Testing the Zoning Ordinance
Zoning Practice — November 2017
By Christopher Jennette, AICP
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Ordinance testing refers to putting regulations through their paces, ensuring that planners and zoning professionals fully understand the consequences and impacts of what they are proposing, drafting, discussing, and ultimately adopting. Testing can take a variety of forms, from presenting "proof of concept" draft districts that allow us to gauge the level of support for general approaches, to completing complex GIS analyses.
Assessing the impacts of zoning regulations before they are enacted is invaluable in ensuring that an updated or revised ordinance will suit the community it is designed to serve. The overarching benefit that testing can provide is the opportunity to evaluate any proposed regulations or approaches in action before they are formally adopted and enacted as part of a new zoning ordinance.
This issue of Zoning Practice discusses when, what, and how to test zoning ordinances and regulations, and it provides examples of how testing has been used to produce zoning ordinances that are more predictable and more closely customized to the needs and desires of their communities.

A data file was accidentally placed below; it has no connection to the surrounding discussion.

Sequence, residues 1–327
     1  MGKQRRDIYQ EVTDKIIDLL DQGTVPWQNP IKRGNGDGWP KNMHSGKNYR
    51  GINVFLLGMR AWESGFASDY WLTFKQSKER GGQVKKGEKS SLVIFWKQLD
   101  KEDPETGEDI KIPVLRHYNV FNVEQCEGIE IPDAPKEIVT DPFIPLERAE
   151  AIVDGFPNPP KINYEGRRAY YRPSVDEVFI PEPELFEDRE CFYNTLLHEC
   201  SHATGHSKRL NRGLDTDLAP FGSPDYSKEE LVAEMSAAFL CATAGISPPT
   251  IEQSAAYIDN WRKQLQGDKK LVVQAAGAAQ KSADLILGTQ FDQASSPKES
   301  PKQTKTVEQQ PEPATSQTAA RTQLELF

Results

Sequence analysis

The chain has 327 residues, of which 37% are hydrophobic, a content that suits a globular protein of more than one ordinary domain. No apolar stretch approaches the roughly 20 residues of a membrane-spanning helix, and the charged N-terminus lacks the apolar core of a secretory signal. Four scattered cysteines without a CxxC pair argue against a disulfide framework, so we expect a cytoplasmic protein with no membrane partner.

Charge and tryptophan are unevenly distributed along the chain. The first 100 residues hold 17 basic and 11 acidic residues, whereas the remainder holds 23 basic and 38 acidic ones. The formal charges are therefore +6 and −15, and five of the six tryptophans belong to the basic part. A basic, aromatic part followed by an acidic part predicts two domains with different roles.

About the Author
Christopher Jennette, AICP
<p>Chris Jennette is a planner, landscape architect, and urban designer with over ten years of experience working as a consultant in communities across the US.</p><p>Chris is skilled at crafting clear, concise development regulations that utilize best practices and creative, contextual approaches to meeting a community’s development needs. He is adept at evaluating on-the-ground development conditions and ensuring that regulations relate to both local character and<br />adopted land use policy. Additionally, he is skilled at communicating complex regulatory concepts through simple<br />illustrations that enhance ordinance legibility and promote consistency in application.</p><p>Chris' recent experience includes work on a variety of zoning codes and unified development ordinances for communities including Charlotte, North Carolina; Portland, Maine; Knoxville and Chattanooga, Tennessee; Keene, New Hampshire; Buffalo, Saratoga Springs, and Rochester, New York; New Orleans, Louisiana; Hot Springs, Arkansas; Corpus Christi, Texas; Providence, Rhode Island; Trenton, New Jersey; and Pittsburgh, Pennsylvania.</p>